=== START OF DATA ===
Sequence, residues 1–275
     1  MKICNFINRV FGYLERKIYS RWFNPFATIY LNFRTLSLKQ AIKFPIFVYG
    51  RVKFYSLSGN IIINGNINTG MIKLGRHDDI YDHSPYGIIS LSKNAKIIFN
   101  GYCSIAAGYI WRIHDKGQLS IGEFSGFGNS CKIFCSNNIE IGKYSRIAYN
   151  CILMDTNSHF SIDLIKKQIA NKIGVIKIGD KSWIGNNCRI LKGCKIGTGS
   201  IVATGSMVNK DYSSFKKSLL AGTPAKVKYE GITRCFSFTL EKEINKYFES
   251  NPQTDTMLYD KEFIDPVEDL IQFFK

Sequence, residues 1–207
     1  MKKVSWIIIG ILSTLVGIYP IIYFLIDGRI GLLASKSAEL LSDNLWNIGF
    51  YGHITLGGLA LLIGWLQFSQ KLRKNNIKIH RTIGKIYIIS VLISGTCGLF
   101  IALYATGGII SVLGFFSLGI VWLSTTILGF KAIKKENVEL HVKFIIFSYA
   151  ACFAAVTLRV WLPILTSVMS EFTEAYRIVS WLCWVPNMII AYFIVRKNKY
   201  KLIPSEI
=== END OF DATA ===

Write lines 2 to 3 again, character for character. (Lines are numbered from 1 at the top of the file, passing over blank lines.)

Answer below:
     1  MKICNFINRV FGYLERKIYS RWFNPFATIY LNFRTLSLKQ AIKFPIFVYG
    51  RVKFYSLSGN IIINGNINTG MIKLGRHDDI YDHSPYGIIS LSKNAKIIFN